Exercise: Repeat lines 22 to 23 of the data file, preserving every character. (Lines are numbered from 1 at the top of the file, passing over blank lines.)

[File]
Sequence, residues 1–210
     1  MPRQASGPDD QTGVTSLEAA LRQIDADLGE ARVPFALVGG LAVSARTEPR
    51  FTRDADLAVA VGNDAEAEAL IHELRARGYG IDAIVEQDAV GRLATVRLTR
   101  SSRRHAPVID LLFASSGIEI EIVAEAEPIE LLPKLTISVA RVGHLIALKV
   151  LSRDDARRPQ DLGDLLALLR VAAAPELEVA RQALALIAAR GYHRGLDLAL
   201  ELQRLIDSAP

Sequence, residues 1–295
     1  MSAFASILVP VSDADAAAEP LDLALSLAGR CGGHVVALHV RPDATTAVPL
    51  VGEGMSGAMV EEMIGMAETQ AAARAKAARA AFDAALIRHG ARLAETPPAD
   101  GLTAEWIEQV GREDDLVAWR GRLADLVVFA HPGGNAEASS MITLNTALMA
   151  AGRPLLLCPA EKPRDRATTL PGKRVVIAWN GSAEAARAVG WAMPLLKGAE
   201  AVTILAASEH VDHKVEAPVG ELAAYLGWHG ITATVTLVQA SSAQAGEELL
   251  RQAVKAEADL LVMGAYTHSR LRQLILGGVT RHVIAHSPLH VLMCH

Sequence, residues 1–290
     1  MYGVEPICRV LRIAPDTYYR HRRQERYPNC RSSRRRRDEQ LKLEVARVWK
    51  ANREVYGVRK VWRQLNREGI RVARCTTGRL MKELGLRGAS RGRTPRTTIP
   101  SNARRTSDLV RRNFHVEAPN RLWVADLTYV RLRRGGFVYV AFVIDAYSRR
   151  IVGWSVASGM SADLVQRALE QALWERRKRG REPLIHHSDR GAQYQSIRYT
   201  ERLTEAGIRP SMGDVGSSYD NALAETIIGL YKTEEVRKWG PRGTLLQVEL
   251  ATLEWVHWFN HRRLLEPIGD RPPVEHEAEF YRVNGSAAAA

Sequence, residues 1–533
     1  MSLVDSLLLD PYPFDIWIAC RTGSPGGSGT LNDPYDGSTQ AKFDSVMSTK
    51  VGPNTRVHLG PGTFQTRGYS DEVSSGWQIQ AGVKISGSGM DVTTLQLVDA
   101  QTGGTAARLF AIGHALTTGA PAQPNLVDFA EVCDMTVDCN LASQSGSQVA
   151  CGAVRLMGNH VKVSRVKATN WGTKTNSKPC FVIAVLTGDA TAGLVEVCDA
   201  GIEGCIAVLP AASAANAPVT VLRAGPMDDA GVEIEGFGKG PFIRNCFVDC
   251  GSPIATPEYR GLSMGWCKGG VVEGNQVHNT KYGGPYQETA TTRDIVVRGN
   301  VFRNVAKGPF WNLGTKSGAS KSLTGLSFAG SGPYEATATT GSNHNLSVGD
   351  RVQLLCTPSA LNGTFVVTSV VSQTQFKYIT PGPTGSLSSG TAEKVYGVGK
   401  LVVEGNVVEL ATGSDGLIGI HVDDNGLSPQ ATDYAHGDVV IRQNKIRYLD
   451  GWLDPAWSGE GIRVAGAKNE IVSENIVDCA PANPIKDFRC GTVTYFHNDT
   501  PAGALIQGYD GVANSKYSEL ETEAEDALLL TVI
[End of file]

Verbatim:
     1  MSLVDSLLLD PYPFDIWIAC RTGSPGGSGT LNDPYDGSTQ AKFDSVMSTK
    51  VGPNTRVHLG PGTFQTRGYS DEVSSGWQIQ AGVKISGSGM DVTTLQLVDA